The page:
It’s true that wealthy individuals can’t take it with them when they die, but they don’t have to permanently endow self-serving non-profit empires.  If they can’t think of any better way to control gigantism in non-profits, they could always just give their money to their fellow shareholders.  Yes, there are no tax-advantages for that way of disposing of one’s assets after death, but at least those wealthy individuals could know that the money was going to their business partners and hope that it would be reinvested in new, profit seeking enterprises that might make the world a better place.

14 Responses to The Dysfunction of Non-Profit Organizations

  1. Greg Forster says:

    Nobody is more eager than I to counter the naive romanticism about non-profits that is currently driving large numbers of young people away from productive careers. But why focus so much on non-profits when it comes to gigantism? Obviously gigantism isn’t always successfully countered among for-profits. Is it really so much more common among non-profits?

  2. You are entirely right, Greg, that gigantism is also a serious problem in the profit-seeking world. But at least that can be partially checked by anti-trust and/or corporate raiders.

    It is also true that gigantism has become a more serious problem among for-profits recently as organizations desire to become or stay too big to fail to obtain the implicit government guarantee. Shareholders are less likely to accept the advances of a corporate raider if they think they would lose that guarantee even if they would improve efficiency.

    All this being said, I’m focusing so much on gigantism among non-profits because I don’t hear others talking about it. Plenty of people are talking about gigantism among for-profits.

  3. Greg Forster says:

    That last point is true enough! But here’s a thought: what’s the difference between gigantism in non-profits and gigantism in personal households? I mean, if a rich guy blows all his money on fancy boats and Christmas displays, I assume you wouldn’t complain (Al Copeland, call your office). Yet I’d contend that’s just as “wasteful” as creating giant, ineffective foundations, if not more so. Yet in the latter case you complain about “waste.” Suppose we think of these foundations as the world’s biggest, tackiest Christmas light displays. Would that change your view of them? (Perhaps the “waste” consists of the foundations failing to fulfill their funders’ intentions, but if so, that’s a position I’d like to see developed. Shouldn’t the concept of waste be at least a little bit objective?)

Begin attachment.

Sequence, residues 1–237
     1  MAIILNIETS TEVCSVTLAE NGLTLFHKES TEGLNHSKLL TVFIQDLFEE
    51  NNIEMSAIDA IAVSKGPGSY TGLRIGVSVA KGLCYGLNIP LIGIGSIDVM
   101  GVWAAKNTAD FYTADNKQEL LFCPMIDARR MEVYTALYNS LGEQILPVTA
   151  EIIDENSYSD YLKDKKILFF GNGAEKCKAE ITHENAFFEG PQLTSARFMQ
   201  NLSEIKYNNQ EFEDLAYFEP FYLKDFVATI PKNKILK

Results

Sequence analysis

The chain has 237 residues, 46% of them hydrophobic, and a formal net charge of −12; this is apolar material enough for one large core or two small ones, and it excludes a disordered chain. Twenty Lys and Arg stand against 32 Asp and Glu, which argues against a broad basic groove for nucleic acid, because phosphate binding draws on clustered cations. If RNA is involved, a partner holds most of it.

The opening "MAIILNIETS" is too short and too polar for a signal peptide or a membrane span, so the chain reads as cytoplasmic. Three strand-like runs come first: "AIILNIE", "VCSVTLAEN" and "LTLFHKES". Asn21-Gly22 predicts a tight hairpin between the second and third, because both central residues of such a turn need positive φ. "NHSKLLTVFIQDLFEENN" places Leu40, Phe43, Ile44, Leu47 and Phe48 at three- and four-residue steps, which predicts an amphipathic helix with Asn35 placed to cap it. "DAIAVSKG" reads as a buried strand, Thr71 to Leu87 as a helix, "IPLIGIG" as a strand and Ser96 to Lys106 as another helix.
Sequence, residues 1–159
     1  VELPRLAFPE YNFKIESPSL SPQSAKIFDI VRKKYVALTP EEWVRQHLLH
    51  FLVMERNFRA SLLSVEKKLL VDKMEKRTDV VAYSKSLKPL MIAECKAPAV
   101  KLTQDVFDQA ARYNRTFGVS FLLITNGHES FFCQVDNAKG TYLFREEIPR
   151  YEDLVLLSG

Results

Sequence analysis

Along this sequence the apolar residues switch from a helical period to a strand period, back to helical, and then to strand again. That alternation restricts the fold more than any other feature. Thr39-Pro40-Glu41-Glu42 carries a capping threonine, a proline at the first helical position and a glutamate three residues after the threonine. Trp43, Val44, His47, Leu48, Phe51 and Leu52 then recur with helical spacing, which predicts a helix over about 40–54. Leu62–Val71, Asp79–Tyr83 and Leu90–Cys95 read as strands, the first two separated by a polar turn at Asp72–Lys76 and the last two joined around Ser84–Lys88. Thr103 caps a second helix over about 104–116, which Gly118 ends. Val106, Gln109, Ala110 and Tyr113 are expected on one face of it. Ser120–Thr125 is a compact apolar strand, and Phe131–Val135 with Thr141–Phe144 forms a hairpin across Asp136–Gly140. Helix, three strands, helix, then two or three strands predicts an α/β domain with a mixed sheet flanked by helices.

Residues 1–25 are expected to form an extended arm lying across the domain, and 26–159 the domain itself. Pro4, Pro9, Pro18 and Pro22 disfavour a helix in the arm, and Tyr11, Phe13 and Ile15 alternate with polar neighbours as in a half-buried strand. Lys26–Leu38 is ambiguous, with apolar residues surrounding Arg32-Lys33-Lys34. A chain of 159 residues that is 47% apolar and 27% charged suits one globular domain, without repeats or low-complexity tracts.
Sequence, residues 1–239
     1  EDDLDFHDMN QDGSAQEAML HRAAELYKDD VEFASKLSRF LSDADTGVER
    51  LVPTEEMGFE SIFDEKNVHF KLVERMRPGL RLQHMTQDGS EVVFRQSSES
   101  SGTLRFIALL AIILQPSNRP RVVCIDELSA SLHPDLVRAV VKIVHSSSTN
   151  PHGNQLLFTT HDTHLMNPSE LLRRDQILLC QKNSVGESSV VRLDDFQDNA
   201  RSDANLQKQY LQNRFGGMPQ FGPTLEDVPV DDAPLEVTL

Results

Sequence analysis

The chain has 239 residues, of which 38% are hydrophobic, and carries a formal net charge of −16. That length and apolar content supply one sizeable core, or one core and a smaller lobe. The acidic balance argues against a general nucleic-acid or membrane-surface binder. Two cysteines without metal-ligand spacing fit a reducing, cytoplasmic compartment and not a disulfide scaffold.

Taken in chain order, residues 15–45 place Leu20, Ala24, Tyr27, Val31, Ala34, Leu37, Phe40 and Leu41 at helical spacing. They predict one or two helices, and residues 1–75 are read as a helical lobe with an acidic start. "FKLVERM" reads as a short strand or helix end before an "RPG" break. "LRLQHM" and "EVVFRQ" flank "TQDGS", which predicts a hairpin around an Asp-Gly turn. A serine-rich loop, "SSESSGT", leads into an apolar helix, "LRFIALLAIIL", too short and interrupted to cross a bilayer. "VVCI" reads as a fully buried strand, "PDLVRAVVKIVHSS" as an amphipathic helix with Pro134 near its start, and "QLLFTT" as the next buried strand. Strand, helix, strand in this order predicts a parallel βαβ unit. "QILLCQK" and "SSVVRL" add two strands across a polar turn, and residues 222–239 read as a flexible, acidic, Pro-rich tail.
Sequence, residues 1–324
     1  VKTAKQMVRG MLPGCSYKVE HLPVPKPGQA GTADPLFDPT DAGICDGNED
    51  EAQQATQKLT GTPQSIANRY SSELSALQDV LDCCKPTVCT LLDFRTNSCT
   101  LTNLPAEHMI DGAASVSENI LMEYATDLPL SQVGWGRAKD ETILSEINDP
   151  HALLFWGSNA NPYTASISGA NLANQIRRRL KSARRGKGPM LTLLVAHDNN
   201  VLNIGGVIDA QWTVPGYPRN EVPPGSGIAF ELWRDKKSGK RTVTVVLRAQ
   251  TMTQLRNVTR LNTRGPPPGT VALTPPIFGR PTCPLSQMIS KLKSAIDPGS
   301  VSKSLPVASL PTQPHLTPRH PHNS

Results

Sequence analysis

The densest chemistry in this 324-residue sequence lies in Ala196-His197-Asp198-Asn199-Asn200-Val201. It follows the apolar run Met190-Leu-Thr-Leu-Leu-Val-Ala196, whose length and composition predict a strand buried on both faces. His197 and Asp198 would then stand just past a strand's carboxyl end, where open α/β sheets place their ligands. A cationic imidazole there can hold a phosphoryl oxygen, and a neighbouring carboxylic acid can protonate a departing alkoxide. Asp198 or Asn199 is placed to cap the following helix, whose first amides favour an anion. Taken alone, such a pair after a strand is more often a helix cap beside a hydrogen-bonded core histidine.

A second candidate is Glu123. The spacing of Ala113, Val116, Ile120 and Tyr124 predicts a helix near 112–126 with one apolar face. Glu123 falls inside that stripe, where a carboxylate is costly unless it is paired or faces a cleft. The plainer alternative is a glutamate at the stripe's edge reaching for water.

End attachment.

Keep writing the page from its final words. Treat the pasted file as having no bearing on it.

• I think we are in agreement, Greg. As I said in my post: “If donors endow a non-profit understanding that they can easily suffer from gigantism, then why should anyone else care if they are wasteful with their money?” They could instead waste their money on boats and Christmas decorations.

      There are only two things that argue against my inclination to let people do whatever they want with their money (including the money they give to non-profits): 1) rich folks may not be fully aware of the dangers of bloat in non-profits, and 2) the tax code encourages people to devote more of their resources to non-profits than perhaps they otherwise would if other uses of that money were treated similarly.

      So my recommendations are that rich folks should be more aware of these dangers and the tax code should treat all organizations similarly.

  4. Student of History says:

    What I see are really lousy, nonacademic, social change programs being sold on the basis that foundation money is readily available to finance devt and implementation.

    Plus a fair number of these non-profits are certainly profitable for their employees and those serving as advisors and directors. All that money not being paid in taxes appears to be available for benefits. And the revenue opportunities flow from political buddies granting monopoly vendor status.

    It’s nonprofit in that it does not pay to sustain the operating costs of the government programs it so richly benefits from.

  5. Dave Saba says:

    One example that looms large is TFA – from their 2010 Annual report –
    2008: 2,173 new teachers with $40 million operating costs
    2009: 4,075 new teachers with $148 million operating costs
    2010: 4,485 new teachers wtih $192 million operating costs

    So that is $18,407 per teacher to $36,319 per teacher up to $42,809 per new teacher. That is a lot of money – – seems a little bloated to me.

  6. Robert Enlow says:

    i have been involved in non-profits all my life, like you, and really value your comments, particularly about the profit motive, although i don’t think they are universally true of all non-profits as you seem to argue.